Heroes of War, Politics, and Faith: Guess Which One Lasted?
U.S. Army Lt. William Calley, President Richard Nixon, and Rev. Billy Graham once held equal places of honor on my bulletin board. Each one had been on a recent cover of a national news magazine. I considered all three of them personal heroes, and I prayed for them daily.
In 1969, Lt. Calley had been charged with the deaths of 109 South Vietnamese civilians in the Vietnam War. He was later found guilty of murdering 22. A true tragedy. Lt. Calley contended all along that he was simply following orders. While he lost hero status, it still was my judgment that he himself was a victim of a war that rained chaos, confusion, and division on the U.S. at large. War gives birth to tragedies, the details of which may never be fully revealed.
President Nixon? I believed him to be a man of integrity, a gentleman, and a statesman who would honor the sacred trust placed in him by the American electorate. Of course, he resigned from the presidency in 1974, disgraced and discredited by his role in the Watergate scandal. Like war, politics is such a gargantuan and unmanageable entity that it spawns stories about which we may never know the whole truth.
Billy Graham (William Franklin Graham Jr). Well, what can I say? Integrity. Compassion. Grace. Depth. Wisdom. Perseverance. Committed to Christ. Burdened for the world. At least one of my heroes has survived unscathed and untouched by scandal or rumor. And I’m excited about what I’m discovering as I learn more and more about the Graham family.
Earlier this year, I read Rebel With a Cause, the autobiography of Franklin Graham (William Franklin Graham III). It reinforced my growing respect for this man who is taking a stand for righteousness everywhere I turn these days –social media,Billy Graham Evangelistic Association,Decision magazine,Samaritan’s Purse, and every public platform that will allow him a voice. I can’t get away from him; I’m busy clicking “Like” and “Share” to his insightful, strong statements on Facebook.
In these culturally divisive days, the secular media and politically correct crowd charge evangelical Christians with being “against” everything and “for” nothing. They say we care nothing about the poor and the disenfranchised, we don’t care about the rest of the world – only ourselves. Franklin Graham is Exhibit A to disprove their hollow claims. For example, in a recent interview, he told me about Samaritan’s Purse, a ministry he has headed for 36 years.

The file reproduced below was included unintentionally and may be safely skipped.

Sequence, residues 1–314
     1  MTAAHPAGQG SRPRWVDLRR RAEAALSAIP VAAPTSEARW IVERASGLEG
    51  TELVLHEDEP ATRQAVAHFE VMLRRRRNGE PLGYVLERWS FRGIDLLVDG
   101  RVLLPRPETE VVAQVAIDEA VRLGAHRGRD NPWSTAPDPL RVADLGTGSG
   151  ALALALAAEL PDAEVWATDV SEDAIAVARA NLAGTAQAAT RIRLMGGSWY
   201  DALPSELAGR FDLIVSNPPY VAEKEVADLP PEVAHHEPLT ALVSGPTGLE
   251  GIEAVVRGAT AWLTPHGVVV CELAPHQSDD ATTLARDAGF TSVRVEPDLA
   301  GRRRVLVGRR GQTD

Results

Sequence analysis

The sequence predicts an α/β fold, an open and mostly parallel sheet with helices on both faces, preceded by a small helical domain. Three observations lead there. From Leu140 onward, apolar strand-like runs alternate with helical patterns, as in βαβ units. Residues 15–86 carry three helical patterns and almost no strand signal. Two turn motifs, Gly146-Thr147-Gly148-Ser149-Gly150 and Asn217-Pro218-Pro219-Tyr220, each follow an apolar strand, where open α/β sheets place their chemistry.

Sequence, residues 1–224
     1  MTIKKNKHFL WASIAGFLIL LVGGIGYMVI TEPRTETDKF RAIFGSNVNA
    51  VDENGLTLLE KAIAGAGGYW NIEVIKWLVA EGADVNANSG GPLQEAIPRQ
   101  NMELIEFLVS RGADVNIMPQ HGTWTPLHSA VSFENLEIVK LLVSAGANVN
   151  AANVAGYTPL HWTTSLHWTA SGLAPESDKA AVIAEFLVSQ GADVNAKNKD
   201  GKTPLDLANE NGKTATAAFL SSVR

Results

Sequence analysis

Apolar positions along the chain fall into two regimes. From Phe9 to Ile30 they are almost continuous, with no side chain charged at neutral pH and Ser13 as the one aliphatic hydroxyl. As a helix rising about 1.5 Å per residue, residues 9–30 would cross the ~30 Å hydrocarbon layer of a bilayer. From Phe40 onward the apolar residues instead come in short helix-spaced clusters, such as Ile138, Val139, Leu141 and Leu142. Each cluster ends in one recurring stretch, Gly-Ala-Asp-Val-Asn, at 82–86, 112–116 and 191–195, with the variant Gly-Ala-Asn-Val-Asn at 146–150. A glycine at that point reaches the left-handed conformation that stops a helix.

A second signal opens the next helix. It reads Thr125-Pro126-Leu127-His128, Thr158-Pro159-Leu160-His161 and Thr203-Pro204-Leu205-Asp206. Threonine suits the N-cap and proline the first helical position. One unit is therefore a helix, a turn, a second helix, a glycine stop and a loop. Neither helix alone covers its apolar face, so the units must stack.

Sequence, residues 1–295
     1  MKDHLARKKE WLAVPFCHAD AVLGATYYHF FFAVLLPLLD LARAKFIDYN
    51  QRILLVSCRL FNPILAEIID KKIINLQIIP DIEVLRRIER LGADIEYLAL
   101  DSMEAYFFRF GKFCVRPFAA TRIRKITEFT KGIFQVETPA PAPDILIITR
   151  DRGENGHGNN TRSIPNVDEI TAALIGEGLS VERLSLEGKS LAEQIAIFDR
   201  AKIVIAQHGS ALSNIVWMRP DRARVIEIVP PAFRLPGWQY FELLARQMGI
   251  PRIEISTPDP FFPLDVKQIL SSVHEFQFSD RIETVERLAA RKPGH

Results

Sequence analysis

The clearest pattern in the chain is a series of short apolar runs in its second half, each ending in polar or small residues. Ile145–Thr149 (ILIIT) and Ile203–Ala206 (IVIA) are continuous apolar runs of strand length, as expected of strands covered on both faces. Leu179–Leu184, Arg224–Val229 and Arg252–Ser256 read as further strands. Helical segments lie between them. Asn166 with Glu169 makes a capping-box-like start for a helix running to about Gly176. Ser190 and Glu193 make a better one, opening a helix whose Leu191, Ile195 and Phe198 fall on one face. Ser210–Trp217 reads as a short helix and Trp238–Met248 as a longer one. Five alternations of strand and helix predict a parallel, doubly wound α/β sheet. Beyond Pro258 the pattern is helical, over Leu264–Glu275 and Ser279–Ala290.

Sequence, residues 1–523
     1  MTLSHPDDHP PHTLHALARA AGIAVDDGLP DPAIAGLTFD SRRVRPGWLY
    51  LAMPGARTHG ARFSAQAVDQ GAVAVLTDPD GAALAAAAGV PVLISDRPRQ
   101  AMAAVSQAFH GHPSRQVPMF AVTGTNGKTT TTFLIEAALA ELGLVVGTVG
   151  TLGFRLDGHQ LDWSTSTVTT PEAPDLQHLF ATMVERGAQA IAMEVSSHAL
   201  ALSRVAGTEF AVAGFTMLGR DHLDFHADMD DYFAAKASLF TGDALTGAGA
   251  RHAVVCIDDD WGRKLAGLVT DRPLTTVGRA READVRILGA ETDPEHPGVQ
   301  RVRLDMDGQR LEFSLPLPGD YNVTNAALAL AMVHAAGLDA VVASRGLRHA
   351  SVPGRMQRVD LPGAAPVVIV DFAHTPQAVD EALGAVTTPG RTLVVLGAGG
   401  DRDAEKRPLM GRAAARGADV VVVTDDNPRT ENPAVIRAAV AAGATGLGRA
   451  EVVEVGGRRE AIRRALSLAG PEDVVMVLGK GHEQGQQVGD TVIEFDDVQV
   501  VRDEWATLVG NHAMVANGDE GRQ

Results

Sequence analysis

“Last year we collected about 10.4 million boxes,” he said. Millions of boxes? Boxes of what? He was referring to Operation Christmas Child, a part of Samaritan’s Purse. The 10.4 million boxes were filled with clothing, toys, school supplies, and goodies for 10.4 million children in Third World Countries. Tell me, what U.S. liberal group has reached out to 10.4 million with gifts and toys?
But wait. There’s more.
Will Graham (William Franklin Graham IV). Will Graham is following in the footsteps of his noted father and his world-renowned grandfather. In an interview with AFA Journal earlier this year, Will addressed some of the social ills facing our nation and the church today.
“We have allowed two things to come into the church,” he said. “One is that we got spiritually lazy and fell asleep on our watch as a church. Second, we allowed liberal theology to come in and plant seeds that have now grown and led us so far away from the gospel that we don’t want to evangelize. We don’t tell others about Christ.”
He is encouraged that, as he preaches around the world, people in many countries eagerly respond to the gospel. He contrasts that with the resistance to the gospel in the U.S., and explains what must happen here.
“We must have bold preachers now because it’s not going to be a fun time in this anti-Christian world,” he said. “We need bold preachers to stand up and preach God’s word when it’s not fun, when it’s not politically correct, when it’s not sought after.”
The younger Graham is executive director of the Billy Graham Training Center at The Cove in Asheville, North Carolina, and an associate evangelist with BGEA. Over the past weekend, I took some vacation time to drive to The Cove and hear Will teach for two days on 1 Samuel Chapters 8-11. Phenomenal. Encouraging. Challenging. With wit and wisdom, he plumbed the depths of the Scriptures to bring to light principles that I would never have seen on my own.
In Will’s own words, “Even though it seems bleak out there, what a great time to preach the gospel. When it’s darkest outside, light shines the brightest.” I came away confident that the next generation of leadership at BGEA is in good hands.
Looks like I’ve found two new generations of heroes.
Editor’s note: Randall Murphree’s interview with Will Graham appears in the July-August issue of AFA Journal.Graham will be teaching at Truth for a New Generation apologetics conference September 18-19 in Spartanburg, South Carolina. Murphree’s interview with Franklin Graham will appear in the upcoming September issue of AFA Journal.